Session

session6

Location

Space Dynamics Laboratory, Auditorium Rm C

Start Date

5-9-2022 11:10 AM

End Date

5-9-2022 11:20 AM

Description

The COVID-19 pandemic caused a lot of disruption in the academic world. Many schools and universities shut down entirely and transitioned to online learning. As BYU made the transition back to in-person learning, the administration needed to know if there was in-class transmission happening on campus in order to regulate restrictions and keep students and faculty safe. Using demographic information about the students, we built an XGBoost model that produces an estimated probability of testing positive for each student. We incorporated engineered variables from the demographic information as well. We evaluated model fit using metrics such as AUC. Using a simulation-based approach, we developed a method that identifies possible spots of in-class transmission on campus with these probabilities. We simulated semesters under the null hypothesis, that there is no in-class transmission, and compared them to the observed positivity rates to find a p-value for each group (section, course or major). Given that our p-values are dependent and non-uniform, we developed a simulation-based method to control the false discovery rate for dependent, non-uniform p-values. We performed simulation studies to test the accuracy of our method in terms of FDR and sensitivity. This method successfully identifies problematic groups with moderate levels of transmission.

Available for download on Tuesday, May 09, 2023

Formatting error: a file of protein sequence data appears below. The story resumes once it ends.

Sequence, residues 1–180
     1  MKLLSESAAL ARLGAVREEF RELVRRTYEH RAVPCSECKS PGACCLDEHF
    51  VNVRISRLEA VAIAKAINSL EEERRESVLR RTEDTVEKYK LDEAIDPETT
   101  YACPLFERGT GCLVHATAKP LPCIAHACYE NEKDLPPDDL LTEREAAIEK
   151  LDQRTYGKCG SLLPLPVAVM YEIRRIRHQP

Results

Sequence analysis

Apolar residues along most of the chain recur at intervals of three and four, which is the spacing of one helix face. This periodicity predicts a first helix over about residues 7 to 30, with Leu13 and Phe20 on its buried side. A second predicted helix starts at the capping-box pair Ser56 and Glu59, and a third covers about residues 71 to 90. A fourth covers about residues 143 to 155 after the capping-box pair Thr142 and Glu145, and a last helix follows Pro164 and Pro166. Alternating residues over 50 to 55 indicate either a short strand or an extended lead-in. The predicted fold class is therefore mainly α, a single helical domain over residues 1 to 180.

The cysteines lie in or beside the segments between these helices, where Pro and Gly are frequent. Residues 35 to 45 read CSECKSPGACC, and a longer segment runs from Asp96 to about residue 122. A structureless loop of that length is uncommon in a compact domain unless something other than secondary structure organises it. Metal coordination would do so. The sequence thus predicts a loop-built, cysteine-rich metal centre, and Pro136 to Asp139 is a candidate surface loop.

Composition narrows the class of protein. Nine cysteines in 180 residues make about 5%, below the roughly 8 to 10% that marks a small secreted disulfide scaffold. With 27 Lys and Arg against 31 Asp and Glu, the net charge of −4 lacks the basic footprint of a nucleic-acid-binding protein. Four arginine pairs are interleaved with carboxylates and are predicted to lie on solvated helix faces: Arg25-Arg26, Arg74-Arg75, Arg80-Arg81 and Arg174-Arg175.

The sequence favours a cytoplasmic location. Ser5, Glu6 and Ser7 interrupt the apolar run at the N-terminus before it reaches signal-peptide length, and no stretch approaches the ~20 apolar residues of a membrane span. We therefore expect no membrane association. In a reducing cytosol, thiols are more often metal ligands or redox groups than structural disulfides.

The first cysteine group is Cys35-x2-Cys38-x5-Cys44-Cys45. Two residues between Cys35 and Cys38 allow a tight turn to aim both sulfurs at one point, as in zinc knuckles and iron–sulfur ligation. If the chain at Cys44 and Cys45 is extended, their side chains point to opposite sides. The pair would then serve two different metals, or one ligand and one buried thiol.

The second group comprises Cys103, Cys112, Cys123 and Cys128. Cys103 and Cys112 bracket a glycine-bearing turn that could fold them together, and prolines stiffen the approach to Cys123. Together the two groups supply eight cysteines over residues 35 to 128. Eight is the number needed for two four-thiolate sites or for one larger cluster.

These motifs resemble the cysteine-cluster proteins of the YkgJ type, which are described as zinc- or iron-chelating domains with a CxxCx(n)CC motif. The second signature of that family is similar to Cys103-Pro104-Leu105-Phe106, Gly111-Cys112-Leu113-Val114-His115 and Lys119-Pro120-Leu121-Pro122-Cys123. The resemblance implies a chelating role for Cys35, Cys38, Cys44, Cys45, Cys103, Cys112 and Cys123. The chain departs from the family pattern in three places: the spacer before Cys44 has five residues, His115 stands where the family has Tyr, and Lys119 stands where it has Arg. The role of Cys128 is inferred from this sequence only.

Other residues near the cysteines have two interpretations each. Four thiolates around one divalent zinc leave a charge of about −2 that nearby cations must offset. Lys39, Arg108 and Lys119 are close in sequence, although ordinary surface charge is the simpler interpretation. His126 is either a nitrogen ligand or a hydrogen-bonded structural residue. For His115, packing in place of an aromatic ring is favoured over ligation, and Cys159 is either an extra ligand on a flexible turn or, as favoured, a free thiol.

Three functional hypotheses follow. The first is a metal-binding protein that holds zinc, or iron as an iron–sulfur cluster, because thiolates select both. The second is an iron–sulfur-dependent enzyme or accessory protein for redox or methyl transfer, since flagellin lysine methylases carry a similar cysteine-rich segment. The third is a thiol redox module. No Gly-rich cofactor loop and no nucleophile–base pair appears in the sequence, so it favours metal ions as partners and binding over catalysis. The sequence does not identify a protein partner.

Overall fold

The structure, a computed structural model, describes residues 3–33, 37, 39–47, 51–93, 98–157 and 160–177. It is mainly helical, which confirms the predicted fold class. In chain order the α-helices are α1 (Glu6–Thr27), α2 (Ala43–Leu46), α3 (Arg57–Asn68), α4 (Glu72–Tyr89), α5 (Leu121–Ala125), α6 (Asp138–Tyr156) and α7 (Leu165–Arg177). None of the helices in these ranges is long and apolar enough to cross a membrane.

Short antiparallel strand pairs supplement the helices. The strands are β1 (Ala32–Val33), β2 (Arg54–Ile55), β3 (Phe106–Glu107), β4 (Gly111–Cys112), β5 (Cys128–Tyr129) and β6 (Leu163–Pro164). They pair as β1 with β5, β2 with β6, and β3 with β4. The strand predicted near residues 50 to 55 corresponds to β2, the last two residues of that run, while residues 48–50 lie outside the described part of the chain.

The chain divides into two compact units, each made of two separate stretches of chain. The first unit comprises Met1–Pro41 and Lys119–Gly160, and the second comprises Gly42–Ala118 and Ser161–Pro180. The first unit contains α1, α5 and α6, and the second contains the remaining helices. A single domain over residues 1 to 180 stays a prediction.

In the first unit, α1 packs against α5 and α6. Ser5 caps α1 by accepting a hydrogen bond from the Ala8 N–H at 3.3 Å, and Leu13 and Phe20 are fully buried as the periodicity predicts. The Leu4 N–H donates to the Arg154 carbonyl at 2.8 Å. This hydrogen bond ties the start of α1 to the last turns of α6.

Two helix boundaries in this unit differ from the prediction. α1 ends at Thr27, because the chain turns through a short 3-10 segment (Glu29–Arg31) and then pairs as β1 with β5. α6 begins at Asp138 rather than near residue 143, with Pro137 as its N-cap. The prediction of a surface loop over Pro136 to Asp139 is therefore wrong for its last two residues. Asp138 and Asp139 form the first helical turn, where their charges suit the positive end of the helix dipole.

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May 9th, 11:10 AM May 9th, 11:20 AM

Progress Report: COVID-19 Hotspot Detection in University Campus Settings

Space Dynamics Laboratory, Auditorium Rm C

The COVID-19 pandemic caused a lot of disruption in the academic world. Many schools and universities shut down entirely and transitioned to online learning. As BYU made the transition back to in-person learning, the administration needed to know if there was in-class transmission happening on campus in order to regulate restrictions and keep students and faculty safe. Using demographic information about the students, we built an XGBoost model that produces an estimated probability of testing positive for each student. We incorporated engineered variables from the demographic information as well. We evaluated model fit using metrics such as AUC. Using a simulation-based approach, we developed a method that identifies possible spots of in-class transmission on campus with these probabilities. We simulated semesters under the null hypothesis, that there is no in-class transmission, and compared them to the observed positivity rates to find a p-value for each group (section, course or major). Given that our p-values are dependent and non-uniform, we developed a simulation-based method to control the false discovery rate for dependent, non-uniform p-values. We performed simulation studies to test the accuracy of our method in terms of FDR and sensitivity. This method successfully identifies problematic groups with moderate levels of transmission.